Last week, the alley was unplowed -- icy, snow-covered and wet -- with large trucks bellowing right outside the shelter's entrance. Kids hung out outside, smoking before entering the no-drugs, no-alcohol safe zone that is Sox Place.

On the other side of the building, a small A-frame sign welcomed people to come in and see hand-printed shirts. The smartly designed Sox Place Screen Printing logo on the door looks like one you'd find in RiNo; you enter into a small room with hardwood floors, a rack displaying examples of the shop's work, a few nice chairs and a desk with a Mac desktop.

Benten Woodring, manager of Sox Place Screen Printing, says the shop has seen a lot more business since it opened the storefront. That's all to the good of the cause, because the screen-printing service raises money for the programming -- $21,000 since it got started in November 2011 -- and trains and employs some of the Sox Place youth. In Sox Place's previous location on Larimer, the screen-printing shop was located in the basement.

Beyond the shop is the shelter, a large room where kids can truly relax. A few rows of sofas line part of the room, offering a cozy, homey feel, which is what Robinson says he was going for. There's a video game station and a line of computers with Internet, as well as a place to grab clothes and food. Unlike at many shelters, Sox Place has no required check in or sign-up for life-skills programs.

But you get the feeling that a formal check-in isn't needed at Sox Place, since Robinson is always on duty, constantly on alert. He's not looking to scold or correct, but rather to offer a smile and ask how you're doing. "I want it to be more like family. When my boys were at home, they weren't required to go to programs," Robinson says. But if someone is looking for a service, Sox Place will help them find it, or sign them up for Sox Place's optional intern program, Streets2Stability.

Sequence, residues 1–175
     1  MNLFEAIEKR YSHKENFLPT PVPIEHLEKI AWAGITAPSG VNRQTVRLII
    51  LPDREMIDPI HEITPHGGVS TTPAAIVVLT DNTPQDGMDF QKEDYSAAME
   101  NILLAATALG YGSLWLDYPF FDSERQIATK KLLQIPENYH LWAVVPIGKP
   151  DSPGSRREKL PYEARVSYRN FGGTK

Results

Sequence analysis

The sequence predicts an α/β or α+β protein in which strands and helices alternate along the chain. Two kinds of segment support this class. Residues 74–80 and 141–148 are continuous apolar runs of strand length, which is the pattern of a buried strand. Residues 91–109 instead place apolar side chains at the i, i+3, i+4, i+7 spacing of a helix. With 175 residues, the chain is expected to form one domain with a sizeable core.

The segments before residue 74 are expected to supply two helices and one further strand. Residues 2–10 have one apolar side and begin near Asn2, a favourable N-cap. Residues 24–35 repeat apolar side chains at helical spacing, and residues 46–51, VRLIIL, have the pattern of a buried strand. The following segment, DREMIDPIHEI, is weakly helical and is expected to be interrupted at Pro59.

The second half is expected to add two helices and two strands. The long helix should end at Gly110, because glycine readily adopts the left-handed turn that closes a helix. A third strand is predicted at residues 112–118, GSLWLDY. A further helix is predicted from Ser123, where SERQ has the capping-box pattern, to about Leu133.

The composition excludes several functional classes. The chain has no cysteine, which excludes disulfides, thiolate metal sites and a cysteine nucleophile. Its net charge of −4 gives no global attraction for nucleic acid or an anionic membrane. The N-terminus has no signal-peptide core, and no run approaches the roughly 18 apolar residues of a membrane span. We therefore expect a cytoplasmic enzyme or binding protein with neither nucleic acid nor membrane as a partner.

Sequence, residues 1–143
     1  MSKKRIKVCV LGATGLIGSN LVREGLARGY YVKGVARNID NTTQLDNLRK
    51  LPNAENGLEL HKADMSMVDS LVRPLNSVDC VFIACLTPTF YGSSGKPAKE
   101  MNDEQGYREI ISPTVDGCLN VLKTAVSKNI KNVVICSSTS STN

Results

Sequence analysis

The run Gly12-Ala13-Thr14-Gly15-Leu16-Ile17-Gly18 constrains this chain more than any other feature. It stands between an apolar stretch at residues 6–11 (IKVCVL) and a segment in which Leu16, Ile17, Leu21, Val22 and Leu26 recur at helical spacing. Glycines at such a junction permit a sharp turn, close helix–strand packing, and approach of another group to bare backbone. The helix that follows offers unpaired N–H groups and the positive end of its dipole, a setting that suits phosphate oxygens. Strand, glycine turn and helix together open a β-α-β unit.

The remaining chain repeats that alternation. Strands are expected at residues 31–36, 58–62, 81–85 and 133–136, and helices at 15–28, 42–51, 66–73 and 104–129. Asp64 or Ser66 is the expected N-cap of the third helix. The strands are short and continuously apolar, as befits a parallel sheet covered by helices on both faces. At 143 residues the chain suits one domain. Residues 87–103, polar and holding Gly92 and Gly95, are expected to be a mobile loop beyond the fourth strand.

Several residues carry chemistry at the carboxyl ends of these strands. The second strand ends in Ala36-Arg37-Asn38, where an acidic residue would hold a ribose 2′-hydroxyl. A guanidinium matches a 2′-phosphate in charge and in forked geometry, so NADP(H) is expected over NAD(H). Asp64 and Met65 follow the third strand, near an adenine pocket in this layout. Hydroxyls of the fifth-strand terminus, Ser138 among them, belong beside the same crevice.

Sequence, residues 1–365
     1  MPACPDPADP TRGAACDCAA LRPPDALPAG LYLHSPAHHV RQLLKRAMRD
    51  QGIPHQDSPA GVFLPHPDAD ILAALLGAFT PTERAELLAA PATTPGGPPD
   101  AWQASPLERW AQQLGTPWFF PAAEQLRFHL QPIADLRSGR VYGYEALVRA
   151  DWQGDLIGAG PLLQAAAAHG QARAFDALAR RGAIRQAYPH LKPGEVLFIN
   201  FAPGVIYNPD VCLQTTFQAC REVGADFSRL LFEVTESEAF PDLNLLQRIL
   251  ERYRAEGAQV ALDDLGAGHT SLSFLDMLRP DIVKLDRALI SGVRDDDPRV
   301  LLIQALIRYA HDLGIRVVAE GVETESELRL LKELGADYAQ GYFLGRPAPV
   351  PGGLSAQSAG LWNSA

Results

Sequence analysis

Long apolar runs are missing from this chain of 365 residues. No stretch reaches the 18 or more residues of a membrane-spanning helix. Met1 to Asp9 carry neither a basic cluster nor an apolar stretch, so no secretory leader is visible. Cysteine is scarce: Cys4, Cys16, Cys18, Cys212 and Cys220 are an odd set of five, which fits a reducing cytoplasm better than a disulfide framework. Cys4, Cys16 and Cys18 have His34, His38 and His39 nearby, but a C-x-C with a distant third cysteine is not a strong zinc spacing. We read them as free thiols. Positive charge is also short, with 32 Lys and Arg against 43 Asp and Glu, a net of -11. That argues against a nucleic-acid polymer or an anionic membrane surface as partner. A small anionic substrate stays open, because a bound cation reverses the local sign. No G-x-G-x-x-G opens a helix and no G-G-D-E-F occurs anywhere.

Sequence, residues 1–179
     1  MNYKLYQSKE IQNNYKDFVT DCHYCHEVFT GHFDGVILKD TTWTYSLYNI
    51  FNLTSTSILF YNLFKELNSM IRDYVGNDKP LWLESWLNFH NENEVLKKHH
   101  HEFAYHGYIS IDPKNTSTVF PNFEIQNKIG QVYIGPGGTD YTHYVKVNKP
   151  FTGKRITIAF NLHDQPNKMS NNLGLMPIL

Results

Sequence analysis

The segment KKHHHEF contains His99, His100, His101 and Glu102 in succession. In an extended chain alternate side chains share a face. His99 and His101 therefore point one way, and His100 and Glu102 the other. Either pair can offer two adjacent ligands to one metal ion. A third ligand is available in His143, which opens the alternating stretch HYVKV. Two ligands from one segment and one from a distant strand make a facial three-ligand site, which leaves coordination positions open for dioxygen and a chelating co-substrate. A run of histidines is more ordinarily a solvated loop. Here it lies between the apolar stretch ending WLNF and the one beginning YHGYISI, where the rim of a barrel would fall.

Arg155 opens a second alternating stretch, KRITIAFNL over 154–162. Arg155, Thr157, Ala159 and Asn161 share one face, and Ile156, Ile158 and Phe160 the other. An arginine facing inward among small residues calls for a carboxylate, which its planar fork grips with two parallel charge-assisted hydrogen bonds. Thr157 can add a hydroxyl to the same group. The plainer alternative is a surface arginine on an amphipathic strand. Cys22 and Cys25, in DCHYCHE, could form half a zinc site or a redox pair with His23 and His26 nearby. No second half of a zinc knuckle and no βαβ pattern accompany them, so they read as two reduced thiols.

"There have been things said about us, that we're enabling kids to continue living this lifestyle, but I think this is a great way to mentor," Robinson says. "Most don't have fathers in their lives, so Jordan and I get to live out in front of them how a father-and-son relationship should be."

Have a tip? E-mail [email protected]

KEEP WESTWORD FREE... Since we started Westword, it has been defined as the free, independent voice of Denver, and we'd like to keep it that way. With local media under siege, it's more important than ever for us to rally support behind funding our local journalism. You can help by participating in our "I Support" program, allowing us to keep offering readers access to our incisive coverage of local news, food and culture with no paywalls.
Kristin Pazulski has been a renaissance faire wench, a reporter, an espresso-shot slinger, an editor of a newspaper for the homeless and a grant writer. She's now a freelance writer covering Denver's restaurant scene.
Contact: Kristin Pazulski

Latest Stories